Two months ago I was contacted by Tom who asked me for one of my Cartridge Breakout Boards. He wanted to build a 256k memory module for his Sharp PC-1600. Well, I was happy to provide him one of the boards for free and two weeks ago he informed me that he succeeded in building an expansion module:
He kindly offered me one of his modules. 🙂 I still have to take advantage of the ‘enormous’ amount of memory my Sharp PC-1600 now has. So far I’ve done a bit of testing and the results are pretty impressing:
Thanks again, Tom, for sharing this with me.
Update: For my French friends out there – there is actually a thread (Extensions mémoire 256KB…heu non… 512KB) with more details on the cartridge mentioned above.
The following cartridge adapter board completes my already presented series of Sharp PC adapters: my Interface and my Cartridge.
The Sharp PC-1500 and PC-1600 can both be extended via one (two) module slots. Pretty common are memory extension cartridges, but there are also more sophisticated modules. I have a few that contain an (E)EPROM with program code on it. I have a few of the latter ones and to facilitate reading out their content I’ve built an adapter board:
The 40-pin connector was cut out of a regular PCI slot (not PCI Express). You can actually get two connectors out of one slot.
Pin headers allow easy access to the data, address, and control lanes of the cartridge. In many cases this allows easier debug access to the content of a cartridge (it EPROM) than reading (i.e. ‘beeping’ out) its content directly via the PC-1500/PC-1600 + PC-150 interface.
The adapter board works for me but it can be pretty annoying to get the pads of a module aligned with the connector pins in the 40-pin slot. It usually takes me a few retries to get good contact on all pins. Some kind of guide rail on both sides would be helpful, but hey, it’s a hack… 😉
Just wanted to say “Thank you” to Eric from www.pc-1500.info for supporting my efforts to create a new USB interface by sending me a TRS-80 PC-2. As a gift!
Not only that, he also sent me a CE-158 serial interface manual (here shown below my interface). Really thanks a lot! 🙂 And Merry Christmas!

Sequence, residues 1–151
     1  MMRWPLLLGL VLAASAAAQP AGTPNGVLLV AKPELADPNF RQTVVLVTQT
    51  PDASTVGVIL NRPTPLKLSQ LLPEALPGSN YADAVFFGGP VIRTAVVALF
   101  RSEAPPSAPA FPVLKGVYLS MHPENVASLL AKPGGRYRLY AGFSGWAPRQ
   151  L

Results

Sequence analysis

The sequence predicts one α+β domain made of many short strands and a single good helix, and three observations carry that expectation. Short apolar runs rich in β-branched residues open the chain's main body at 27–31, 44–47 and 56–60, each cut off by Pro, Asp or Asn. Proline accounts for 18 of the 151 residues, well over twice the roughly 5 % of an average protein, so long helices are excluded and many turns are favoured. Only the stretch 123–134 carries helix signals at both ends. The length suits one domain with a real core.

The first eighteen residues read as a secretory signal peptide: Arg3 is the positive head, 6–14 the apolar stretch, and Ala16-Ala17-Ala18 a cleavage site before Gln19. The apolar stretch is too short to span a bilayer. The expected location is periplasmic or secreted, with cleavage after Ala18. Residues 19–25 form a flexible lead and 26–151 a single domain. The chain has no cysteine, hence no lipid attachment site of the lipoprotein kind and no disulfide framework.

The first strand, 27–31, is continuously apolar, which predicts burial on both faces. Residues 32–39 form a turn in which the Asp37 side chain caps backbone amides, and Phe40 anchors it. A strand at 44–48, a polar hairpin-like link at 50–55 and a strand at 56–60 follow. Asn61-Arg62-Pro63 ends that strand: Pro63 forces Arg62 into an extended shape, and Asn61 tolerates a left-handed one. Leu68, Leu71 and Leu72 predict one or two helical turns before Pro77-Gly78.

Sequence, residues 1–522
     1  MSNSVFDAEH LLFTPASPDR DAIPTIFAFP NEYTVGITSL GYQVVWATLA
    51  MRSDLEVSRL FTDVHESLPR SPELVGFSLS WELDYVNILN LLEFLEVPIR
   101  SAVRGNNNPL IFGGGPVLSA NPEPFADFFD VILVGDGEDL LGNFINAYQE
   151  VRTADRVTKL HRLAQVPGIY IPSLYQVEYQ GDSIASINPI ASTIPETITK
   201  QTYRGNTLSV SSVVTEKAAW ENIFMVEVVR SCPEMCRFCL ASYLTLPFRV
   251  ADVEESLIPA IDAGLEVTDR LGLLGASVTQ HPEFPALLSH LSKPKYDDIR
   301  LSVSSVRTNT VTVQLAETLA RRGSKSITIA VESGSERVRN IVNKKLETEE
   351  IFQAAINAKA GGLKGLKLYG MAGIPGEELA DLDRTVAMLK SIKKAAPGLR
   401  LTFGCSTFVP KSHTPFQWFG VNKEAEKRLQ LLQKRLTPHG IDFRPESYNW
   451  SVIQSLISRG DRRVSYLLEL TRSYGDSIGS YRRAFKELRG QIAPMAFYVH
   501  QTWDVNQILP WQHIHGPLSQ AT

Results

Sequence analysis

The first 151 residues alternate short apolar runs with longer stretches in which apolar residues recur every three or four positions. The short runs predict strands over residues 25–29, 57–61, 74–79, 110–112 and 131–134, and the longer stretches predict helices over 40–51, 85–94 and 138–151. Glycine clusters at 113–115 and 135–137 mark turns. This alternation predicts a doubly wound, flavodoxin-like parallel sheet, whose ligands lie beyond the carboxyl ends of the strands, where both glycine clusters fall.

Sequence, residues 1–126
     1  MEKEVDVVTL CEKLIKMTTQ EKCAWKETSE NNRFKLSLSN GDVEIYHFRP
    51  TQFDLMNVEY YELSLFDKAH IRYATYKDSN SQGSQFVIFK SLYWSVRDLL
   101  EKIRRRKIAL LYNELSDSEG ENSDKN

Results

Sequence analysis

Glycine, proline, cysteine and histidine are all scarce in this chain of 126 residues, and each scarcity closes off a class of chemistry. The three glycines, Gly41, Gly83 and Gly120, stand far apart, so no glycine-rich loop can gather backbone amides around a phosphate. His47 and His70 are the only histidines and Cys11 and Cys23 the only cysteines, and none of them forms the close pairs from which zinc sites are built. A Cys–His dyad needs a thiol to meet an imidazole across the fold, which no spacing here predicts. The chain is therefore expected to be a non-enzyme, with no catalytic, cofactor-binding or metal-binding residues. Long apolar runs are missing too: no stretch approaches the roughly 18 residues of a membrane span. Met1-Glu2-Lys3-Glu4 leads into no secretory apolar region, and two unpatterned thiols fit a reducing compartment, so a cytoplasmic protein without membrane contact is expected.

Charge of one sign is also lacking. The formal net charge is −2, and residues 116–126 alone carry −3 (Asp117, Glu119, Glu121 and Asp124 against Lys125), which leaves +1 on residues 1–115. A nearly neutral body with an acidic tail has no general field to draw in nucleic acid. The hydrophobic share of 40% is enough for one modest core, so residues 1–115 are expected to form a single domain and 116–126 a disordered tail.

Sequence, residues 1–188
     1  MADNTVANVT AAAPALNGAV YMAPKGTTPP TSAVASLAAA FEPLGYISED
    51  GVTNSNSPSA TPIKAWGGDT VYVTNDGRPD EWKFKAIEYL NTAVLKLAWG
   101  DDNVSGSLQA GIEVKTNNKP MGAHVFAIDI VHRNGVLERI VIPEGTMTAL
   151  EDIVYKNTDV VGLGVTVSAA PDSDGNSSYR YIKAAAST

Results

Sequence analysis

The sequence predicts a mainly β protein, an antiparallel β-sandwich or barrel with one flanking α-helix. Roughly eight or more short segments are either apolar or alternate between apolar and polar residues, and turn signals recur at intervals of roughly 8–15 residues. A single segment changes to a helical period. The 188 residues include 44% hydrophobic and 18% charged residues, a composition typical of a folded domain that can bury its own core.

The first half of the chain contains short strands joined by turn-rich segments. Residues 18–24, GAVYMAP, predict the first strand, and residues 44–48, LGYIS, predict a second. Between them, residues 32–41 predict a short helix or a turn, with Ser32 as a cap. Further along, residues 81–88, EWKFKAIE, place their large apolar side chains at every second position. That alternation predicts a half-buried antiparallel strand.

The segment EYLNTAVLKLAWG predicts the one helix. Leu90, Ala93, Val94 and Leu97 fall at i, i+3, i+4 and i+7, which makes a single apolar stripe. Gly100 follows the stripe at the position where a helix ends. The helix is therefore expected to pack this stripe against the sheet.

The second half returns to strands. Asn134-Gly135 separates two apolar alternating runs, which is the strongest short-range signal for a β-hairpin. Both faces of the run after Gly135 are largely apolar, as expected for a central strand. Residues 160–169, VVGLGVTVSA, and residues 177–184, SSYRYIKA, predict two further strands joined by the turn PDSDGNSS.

For debugging purposes (and also for playing around with memory chips on a bread board) I’ve created little breakout boards for the cartridge slot on the bottom of Sharp PC-1500s/1600s.
I’ve added a layer of foam (not visible on the photo) on the bottom side of the cartridge to prevent the pin ends from scratching on the case.
Typing on the PC while having cables connected to the cartridge is a bit annoying as I tend to pull off the cables when turning the PC around. I’m currently figuring out a better solution by using ribbon cables instead of the pins. I will update the post as soon I’ve managed to make photos of the modified version.
Just a little update for all readers interested in Sharp 1500/1600 PCs: for hacking around with the Sharp Pocket Computers I’m using a self-made breakout board that allows easy access to all 60 pins of the interface connector.
The 60-pin connector is a simple 1.27*2.54 60-pin male header (I’ve bought mine here).
Two LEDs indicate battery or power connection, and on/off state. (In most cases power lights up as soon as the board is attached to a Sharp PC.)
It’s not that easy as it may sound to find paper rolls for a 30 years old printer, the Sharp CE-150. The printer is used in combination with a Sharp PC-1500/1500A pocket computer.
I’ve looked at my small amount of paper rolls, the leftovers I’ve found in a box on the attic. Interestingly they were differing in size (can’t remember why):
|(Left to Right)
Their width and outer diameters did not differ significantly, but the core diameters did. Paper rolls with core diameters of 7-9 mm are hard to get, the rolls sold today mostly have a diameter of 12 mm. I’ve successfully tested thermal (yes: thermal) paper rolls with this diameter in the CE-150, and these are really cheap to get (e.g. on eBay Germany). The ink doesn’t run, but there might be paper rolls with different coatings. I did not check that.
Maybe as a warning: Thermal papers mostly contain Bisphenol A (BPA), a substance that exhibits hormone-like properties!
The approximate dimensions you should look for are:
Width: 57 mm; Inner / outer diameter: 12 / 30 mm; Length: 10 m
One weakness of the Sharp CE-150 printer unit is the non-removal Ni-Cd batteries. After 20 – 30 years now since their release they begin to leak. The battery acid (potassium hydroxide, a base, actually) will sooner or later destroy the circuit board and anything else inside the printer. At that point the batteries are usually already dead and connecting a Sharp PC leads to “Error 78”, “Error 80”, or “Check 6″…
In case of such damages I usually use vinegar to clean up the case. Just put the case and any corroded parts (even if they are metallic) into a vinegar-water-mixture for a few minutes.
In case of circuit boards I’m using simple tap water and a brush to carefully remove the corrosion. Most parts on such a board can handle such a treatment. In this case I avoided getting water onto the relays and the ribbon cable. Afterwards drying the board is important, a regular hair dryer (or a temperature controlled hot air gun) will do.
I’ve made a short video tutorial on how to open, check, and if necessary repair a Sharp CE-150 printer unit which is used in combination with Sharp PC-1500 / PC-1500A / PC-1600 pocket computers:
One final remark: the printer will run fine even without the batteries. These batteries were used to provide the 1 – 1.4 A peak current to drive the printer solenoid and motors. The old power supply that was shipped with the CE-150 only provides about 500 mA. You can attach a newer one that is able to provide sufficient current without problems (9 V, negative pole is in the center).